Open book with Elinor Lipman

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Whether it's in the form of a novel or a tweet, Elinor Lipman's wry writing manages to both delight readers and examine weighty political and social issues. In her latest novel, "On Turpentine Lane," a young woman returns to her hometown, leading to revelations regarding race, marriage and fidelity. "Light and tight, 'On Turpentine Lane' is constructed with an almost scary mastery," writes Tin House executive editor Michelle Wildgen in The New York Times. Lipman once held the Elizabeth Drew Chair in Creative Writing at Smith College, and she is longtime friends with Adams native and Pulitzer Prize-winning author Stacy Schiff.

Lipman answered some questions via phone in advance of her reading on Sunday, Sept. 3, at the Spencertown Academy Arts Center's 12th annual Festival of Books in Spencertown, N.Y.

Your latest book and many of your books have been praised for their humor. What is the wittiest book you've ever read?

I have two answers ..."The Many Loves of Dobie Gillis" by Max Shulman, and that got turned into a sort-of-funny TV show, but it's these brilliant short stories about a character who goes off to college. And then — this came to mind — I reviewed a book in I think 2010 [it was 2009] for The Washington Post, and it was called, "How [I Became] a Famous Novelist" by Steve Hely ... I ended it by saying, "I may have read a funnier book in the last 20 years, but at [this] moment I'm hard-pressed to name it." And then [in 2010] it went on to win the Thurber Prize for [American] Humor.

Your work has drawn comparisons to Jane Austen. What's your favorite Austen novel?

"Pride and Prejudice."

Which author or book has influenced your writing the most?

I would say what made me pick up the pen — not literally, pick up the keyboard — was Laurie Colwin.

What about her writing [influenced you]?

I took "Happy All the Time" out of the library and loved it so much that I then bought it and reread it a number of times, and I hadn't started writing yet, but I would say the combination of wry and smart and just very appealing characters. That's important.

What books are currently on your nightstand?

Oh, I'm right there! "The Last Laugh" by Lynn Freed; "The Widow of Wall Street" by Randy Susan Meyers; "How to Change a Life" by Stacey Ballis; and I have an advance reading — an uncorrected, bound manuscript — of "How Hard Can It Be" by Allison Pearson, who wrote "I Don't Know How She Does It."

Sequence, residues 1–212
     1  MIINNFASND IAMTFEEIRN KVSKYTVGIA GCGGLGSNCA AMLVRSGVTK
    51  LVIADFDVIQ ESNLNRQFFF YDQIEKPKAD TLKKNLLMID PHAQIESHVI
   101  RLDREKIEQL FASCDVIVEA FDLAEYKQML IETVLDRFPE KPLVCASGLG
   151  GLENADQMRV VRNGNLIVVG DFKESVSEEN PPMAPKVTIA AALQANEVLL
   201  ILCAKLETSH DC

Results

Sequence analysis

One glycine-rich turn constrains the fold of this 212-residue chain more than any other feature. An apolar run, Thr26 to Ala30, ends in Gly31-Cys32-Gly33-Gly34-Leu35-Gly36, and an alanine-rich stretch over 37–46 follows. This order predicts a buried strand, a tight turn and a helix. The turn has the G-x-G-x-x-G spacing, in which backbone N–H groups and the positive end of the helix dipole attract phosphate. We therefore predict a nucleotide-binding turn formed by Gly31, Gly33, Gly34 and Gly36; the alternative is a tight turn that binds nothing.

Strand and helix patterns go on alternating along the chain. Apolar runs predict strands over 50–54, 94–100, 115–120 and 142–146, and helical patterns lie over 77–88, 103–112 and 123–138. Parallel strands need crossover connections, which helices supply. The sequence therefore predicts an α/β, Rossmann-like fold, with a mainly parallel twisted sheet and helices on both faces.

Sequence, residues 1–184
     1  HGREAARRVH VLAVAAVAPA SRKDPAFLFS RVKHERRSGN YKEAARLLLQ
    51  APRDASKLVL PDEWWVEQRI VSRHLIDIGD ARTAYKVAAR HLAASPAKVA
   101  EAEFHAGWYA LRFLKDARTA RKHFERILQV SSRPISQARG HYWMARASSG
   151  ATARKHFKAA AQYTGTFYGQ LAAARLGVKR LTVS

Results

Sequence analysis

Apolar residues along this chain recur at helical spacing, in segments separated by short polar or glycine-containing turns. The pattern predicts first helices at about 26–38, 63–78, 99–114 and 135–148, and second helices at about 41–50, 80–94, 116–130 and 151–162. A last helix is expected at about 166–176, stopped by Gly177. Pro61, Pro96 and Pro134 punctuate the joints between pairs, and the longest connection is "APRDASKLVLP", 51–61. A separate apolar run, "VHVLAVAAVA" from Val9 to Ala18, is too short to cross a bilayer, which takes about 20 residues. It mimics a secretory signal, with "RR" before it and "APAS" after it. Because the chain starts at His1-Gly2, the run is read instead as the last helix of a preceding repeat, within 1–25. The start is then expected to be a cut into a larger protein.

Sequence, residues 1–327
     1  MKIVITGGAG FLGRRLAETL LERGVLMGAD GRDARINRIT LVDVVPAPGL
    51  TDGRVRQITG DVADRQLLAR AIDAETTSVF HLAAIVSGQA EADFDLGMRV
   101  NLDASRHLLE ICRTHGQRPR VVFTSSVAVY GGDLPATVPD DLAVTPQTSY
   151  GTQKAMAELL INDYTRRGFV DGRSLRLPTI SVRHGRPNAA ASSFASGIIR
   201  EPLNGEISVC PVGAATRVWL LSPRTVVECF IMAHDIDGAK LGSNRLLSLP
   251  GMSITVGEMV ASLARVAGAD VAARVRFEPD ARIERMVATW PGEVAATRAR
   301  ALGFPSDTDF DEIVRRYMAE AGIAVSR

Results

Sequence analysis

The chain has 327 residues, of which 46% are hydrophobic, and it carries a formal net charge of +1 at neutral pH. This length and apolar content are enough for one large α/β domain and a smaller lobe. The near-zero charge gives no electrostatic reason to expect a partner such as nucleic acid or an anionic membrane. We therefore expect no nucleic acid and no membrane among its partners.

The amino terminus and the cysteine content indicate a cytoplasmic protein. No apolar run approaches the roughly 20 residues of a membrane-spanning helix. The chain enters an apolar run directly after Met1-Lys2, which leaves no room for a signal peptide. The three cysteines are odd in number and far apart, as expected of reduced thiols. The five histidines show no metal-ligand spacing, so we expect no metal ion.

What was your favorite book as a child?

It was called "Daddy-Long-Legs" by Jean Webster ... [It's an] epistolary novel. She outgrows the orphanage, and a trustee anonymously sends her to college, and all he asks is that she write him one letter a month. And of course she has no relatives and nobody else, so she writes all the time, and it's just the — sometimes I think I shaped my life after her because she wanted to be a writer, and even though she wasn't tall, she played basketball [Lipman played high school basketball].

Other than that one, what's your favorite book to reread?

I've got a lot of those. In college, I reread 'The Razor's Edge" by [W.] Somerset Maugham many times. [I've] read "All the President's Men" [by Carl Bernstein and Bob Woodward] many times. Of course, "Happy All the Time" by Laurie Colwin ... You know what book I've read a million times? "Alive" [by Piers Paul Read]. It was about the plane crash in the Andes [in 1972], where the people survived ... Somewhere probably in my 40s I stopped rereading books because there's just — I get sent books a lot. Too many books!

What is your favorite novel set in Massachusetts (where "On Turpentine Lane" is set)?

I've got many. OK, one of them is "Mail" by Mameve Medwed. Another one would be "Selling the Lite of Heaven," which is a comic novel by Suzanne Strempek Shea. And any book of Stephen McCauley, speaking of funny.

Where is your favorite place to read?

In bed. I have to admit, in bed. It might be the only place I read, now that I think of it. You know why? Because I feel guilty — I'll read during the day if it's a book I'm reviewing ... but in terms of just recreational reading, I would say in bed at night.


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